What challenges do new Canadians face when trying to enter the trades?

Chawla: “The biggest challenge for a lot of people is the time commitment, the money commitment and the language commitment. Coming up with money for a $1,000 to $2,000 program. They don’t have that much money but the government has a lot of grants available. They just have to come to the campus so we can help them with those avenues of money that are available to a new immigrant. For language, the Industry Training Authority (ITA) allows you to bring a translator to exams or training. That comes in handy. For all our programs, people can bring their wife or child or anybody who speaks both languages comfortably to help them understand the content. Now when it comes to time they have to work that out for themselves. They can’t get sucked up into the nine-to-five job. They have to have a bigger vision. Commitment of time is the biggest. The other two we can help them get there. But they have to commit the time and show up at the campus. 

What do you want employers to know about immigrants 

Chawla:“Do not underestimate them just because they came from another country. Give them a chance and test the waters for a week. But do not underpay them just because they are an immigrant. This person may be an immigrant now, but in ten years they may feel that they weren’t treated fairly at their first job. Give them a good first experience of being in a good environment, pay them a fair salary. Make sure they have all the resources to do the job and give them an opportunity.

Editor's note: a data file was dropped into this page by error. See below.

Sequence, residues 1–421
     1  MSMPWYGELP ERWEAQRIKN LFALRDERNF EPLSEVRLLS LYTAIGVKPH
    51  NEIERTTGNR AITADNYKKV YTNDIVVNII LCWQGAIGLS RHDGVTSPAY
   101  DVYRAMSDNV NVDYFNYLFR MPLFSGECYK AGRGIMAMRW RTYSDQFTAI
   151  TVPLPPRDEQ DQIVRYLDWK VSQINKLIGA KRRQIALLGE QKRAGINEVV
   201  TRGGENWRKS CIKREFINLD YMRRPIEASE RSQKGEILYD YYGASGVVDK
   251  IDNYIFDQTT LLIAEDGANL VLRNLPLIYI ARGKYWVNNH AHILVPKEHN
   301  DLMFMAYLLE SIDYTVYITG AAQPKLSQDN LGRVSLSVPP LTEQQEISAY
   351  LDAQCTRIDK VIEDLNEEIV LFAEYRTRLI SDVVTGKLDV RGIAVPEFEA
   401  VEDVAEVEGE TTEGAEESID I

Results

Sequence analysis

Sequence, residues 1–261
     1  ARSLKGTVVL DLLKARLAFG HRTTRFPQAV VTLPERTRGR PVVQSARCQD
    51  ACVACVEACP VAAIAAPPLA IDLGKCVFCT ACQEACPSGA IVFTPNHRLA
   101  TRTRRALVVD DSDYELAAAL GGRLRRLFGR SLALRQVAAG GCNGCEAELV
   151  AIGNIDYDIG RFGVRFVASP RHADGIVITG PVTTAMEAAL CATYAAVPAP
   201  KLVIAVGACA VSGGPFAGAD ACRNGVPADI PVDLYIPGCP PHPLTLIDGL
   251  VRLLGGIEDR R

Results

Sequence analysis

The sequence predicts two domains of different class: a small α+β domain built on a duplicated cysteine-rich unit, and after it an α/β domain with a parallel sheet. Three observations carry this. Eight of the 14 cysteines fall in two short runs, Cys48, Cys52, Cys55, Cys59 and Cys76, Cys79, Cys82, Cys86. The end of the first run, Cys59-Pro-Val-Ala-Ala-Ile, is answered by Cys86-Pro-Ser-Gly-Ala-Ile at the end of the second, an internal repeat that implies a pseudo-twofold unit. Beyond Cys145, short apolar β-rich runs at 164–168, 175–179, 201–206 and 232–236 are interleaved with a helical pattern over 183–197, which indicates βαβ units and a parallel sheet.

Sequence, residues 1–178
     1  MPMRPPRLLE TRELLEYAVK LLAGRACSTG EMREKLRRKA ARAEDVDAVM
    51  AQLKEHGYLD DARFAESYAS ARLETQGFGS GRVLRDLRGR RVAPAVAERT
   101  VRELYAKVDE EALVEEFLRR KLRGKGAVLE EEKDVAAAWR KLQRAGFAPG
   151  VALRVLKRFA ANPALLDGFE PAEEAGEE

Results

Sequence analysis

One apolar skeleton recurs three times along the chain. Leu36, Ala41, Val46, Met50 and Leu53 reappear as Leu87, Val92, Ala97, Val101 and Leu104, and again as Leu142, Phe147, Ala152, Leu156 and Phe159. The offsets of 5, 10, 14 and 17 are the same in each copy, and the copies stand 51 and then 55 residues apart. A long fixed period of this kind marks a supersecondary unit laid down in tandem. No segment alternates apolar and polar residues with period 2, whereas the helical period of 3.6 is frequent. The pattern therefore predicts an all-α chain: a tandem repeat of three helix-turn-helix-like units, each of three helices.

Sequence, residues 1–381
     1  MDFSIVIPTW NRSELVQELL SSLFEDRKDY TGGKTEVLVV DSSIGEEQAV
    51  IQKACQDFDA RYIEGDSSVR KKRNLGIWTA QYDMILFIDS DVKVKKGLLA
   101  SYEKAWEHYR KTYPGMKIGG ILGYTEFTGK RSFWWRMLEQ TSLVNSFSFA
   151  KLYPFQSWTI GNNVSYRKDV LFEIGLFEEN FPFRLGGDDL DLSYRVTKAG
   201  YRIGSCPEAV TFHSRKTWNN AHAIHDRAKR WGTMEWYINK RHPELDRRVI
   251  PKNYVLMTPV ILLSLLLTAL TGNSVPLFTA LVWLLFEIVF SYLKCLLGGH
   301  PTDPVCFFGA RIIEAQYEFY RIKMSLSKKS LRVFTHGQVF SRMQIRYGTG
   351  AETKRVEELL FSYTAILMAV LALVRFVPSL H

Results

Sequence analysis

Do immigrants often get paid less than others?

Chawla: I feel that as an immigrant you are desperate and an employer sees that. I’m an employer myself and whenever I meet potential new employees, what is most important is what they want. Of course I want good work, but what do they want? If I can deliver to your needs, you will deliver for my needs. Any relationship, no matter if it is business or family, it has to be a win-win. That is the only way it works. If I can’t deliver as an employer, how are you going to deliver as an employee? So it’s really important you pay a decent salary so they can do a decent job, give them decent working conditions and not undermine them because they are an immigrant and they were desperate for a job.